Friday, January 14, 2011
On Wednesday, January 12th, Aaron Titus was awakened at 4:33 AM. His phone rang, with an automated message from the Prince George’s County School Board announcing that school would be delayed by two hours. Titus was infuriated. He had already heard about the delayed opening the night before, and to be awakened at 4:30 was ridiculous in his mind. Titus didn’t take the unwelcome call lying down. He found a robocall company online (we don't know which one), recorded a message, and uploaded the numbers of nine Prince George’s County School Board members, its superintendent, and general counsel. At 4:30 AM Thursday, their phones rang to Aaron’s message,
“This is a Prince George’s County School District parent, calling to thank you for the robocall yesterday at 4:30 in the morning. I decided to return the favor. While I know the school district wanted to ensure I drop my child off two hours late on a snow day, I already knew that before I went to bed. I hope this call demonstrates why a 4:30 a.m. call does more to annoy than to inform.”
By Friday, Titus’s story was picked up by the Washington Post, and he was interviewed on, Fox, ABC, CBS, Good Morning America, MSNBC, Fox & Friends, and several local affiliates. Clearly, his story has struck a nerve. So how can you ensure that your CallFire Voice Broadcast campaigns don’t meet the same terrible fate?
  1. Double- and triple-check your campaign settings. The school’s announcement was sent at the early morning hour by a simple human error. This can be avoided by checking over your work.
  2. Maintain an internal Do-Not-Call list. Your internal DNC list in the CallFire interface should be kept up-to-date and used in every subsequent campaign you run.
  3. Add yourself to your own campaigns. CallFire sends broadcasts at a rapid rate of at least 50 calls per minute. However, if your own phone number is among those called, and you accidentally set the time incorrectly, you can stop your campaign midway and hopefully save whoever's left. You’ll still upset the people who have been called, but may be able to minimize the damage.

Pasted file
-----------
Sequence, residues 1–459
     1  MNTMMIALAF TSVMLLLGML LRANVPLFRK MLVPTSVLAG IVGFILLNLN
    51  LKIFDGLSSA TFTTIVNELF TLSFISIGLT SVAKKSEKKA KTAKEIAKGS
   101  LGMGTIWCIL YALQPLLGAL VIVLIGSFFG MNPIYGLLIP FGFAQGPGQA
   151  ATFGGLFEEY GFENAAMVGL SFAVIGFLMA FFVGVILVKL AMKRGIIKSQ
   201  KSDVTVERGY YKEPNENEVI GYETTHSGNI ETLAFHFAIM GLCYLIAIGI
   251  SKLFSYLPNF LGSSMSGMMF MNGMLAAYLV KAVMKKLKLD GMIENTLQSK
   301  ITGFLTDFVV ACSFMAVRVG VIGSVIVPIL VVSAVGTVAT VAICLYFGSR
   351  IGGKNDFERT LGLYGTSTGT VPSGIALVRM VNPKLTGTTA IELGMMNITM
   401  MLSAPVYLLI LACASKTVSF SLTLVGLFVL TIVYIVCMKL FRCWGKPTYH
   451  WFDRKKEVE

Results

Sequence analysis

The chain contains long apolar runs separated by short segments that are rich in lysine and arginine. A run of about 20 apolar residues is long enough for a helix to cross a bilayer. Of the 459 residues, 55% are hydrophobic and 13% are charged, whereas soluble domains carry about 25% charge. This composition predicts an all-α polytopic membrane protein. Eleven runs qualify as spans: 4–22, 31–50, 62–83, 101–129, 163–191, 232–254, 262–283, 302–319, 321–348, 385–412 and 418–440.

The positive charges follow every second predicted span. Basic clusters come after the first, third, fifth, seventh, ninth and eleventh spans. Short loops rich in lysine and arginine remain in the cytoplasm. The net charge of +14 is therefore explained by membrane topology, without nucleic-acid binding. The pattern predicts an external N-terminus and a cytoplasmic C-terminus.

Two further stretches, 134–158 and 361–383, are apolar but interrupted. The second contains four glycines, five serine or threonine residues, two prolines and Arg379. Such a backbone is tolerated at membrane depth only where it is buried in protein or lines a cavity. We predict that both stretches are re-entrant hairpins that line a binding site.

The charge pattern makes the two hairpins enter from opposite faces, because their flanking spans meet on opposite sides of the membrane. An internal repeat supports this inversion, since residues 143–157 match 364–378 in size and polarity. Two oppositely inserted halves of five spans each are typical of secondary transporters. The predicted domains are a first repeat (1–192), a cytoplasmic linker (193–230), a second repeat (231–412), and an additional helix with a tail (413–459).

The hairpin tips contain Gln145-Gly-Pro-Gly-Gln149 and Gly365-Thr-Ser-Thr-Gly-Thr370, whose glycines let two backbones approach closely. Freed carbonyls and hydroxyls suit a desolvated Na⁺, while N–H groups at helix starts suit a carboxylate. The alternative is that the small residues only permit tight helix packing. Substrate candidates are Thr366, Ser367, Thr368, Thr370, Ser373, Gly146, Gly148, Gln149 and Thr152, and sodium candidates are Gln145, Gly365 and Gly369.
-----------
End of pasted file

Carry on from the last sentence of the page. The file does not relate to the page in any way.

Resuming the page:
4. Follow best practices even better. Titus recalls he doesn’t know when he agreed to receive phone notifications. Assuming the PG County School Board followed best practices, he probably did agree at some point. It is essential that you clearly communicate the intent to use your contacts’ phone numbers for broadcast messages. (Also, for business communications, FTC rules require agreement. In a non-profit's case, like a school district, they would not be subject to this requirement. Still, informing parents that they'll be added is a good idea. Clayton, MO schools allow parents to opt out, but they must renew that opt out every year).
  5. Include opt-out information in your broadcasts. End every message with opt-out instructions, such as "To discontinue receiving phone notifications, call xxx-xxx-xxxx." You can also use Hosted IVR to add a press-1 capability to connect the called party to someone in your organization that can remove them from your list.
  6. Consider SMS Broadcasts instead. For quick messages such as this 2-hour delay, a text message would have been less likely to awaken parents, would be received much more quickly, and have the same informative effect.
Follow these steps and your broadcasts, voice or text, will work to your benefit, and your contacts'.